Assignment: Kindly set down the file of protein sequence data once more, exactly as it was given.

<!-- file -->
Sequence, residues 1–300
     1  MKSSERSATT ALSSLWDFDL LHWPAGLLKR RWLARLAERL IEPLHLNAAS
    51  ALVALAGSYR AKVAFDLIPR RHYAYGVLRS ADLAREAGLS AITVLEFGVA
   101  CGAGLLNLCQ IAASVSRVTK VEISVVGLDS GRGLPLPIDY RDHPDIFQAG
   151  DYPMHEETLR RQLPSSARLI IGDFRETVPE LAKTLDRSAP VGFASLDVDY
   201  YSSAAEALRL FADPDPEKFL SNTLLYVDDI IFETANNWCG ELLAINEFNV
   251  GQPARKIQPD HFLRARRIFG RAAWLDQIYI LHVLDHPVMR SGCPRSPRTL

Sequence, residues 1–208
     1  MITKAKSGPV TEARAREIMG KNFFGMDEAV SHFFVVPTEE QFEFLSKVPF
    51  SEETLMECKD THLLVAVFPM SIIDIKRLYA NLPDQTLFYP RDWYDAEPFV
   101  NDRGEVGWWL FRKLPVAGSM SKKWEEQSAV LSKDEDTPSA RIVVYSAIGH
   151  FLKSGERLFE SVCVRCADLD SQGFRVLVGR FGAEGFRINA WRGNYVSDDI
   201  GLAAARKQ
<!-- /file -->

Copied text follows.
Sequence, residues 1–300
     1  MKSSERSATT ALSSLWDFDL LHWPAGLLKR RWLARLAERL IEPLHLNAAS
    51  ALVALAGSYR AKVAFDLIPR RHYAYGVLRS ADLAREAGLS AITVLEFGVA
   101  CGAGLLNLCQ IAASVSRVTK VEISVVGLDS GRGLPLPIDY RDHPDIFQAG
   151  DYPMHEETLR RQLPSSARLI IGDFRETVPE LAKTLDRSAP VGFASLDVDY
   201  YSSAAEALRL FADPDPEKFL SNTLLYVDDI IFETANNWCG ELLAINEFNV
   251  GQPARKIQPD HFLRARRIFG RAAWLDQIYI LHVLDHPVMR SGCPRSPRTL

Sequence, residues 1–208
     1  MITKAKSGPV TEARAREIMG KNFFGMDEAV SHFFVVPTEE QFEFLSKVPF
    51  SEETLMECKD THLLVAVFPM SIIDIKRLYA NLPDQTLFYP RDWYDAEPFV
   101  NDRGEVGWWL FRKLPVAGSM SKKWEEQSAV LSKDEDTPSA RIVVYSAIGH
   151  FLKSGERLFE SVCVRCADLD SQGFRVLVGR FGAEGFRINA WRGNYVSDDI
   201  GLAAARKQ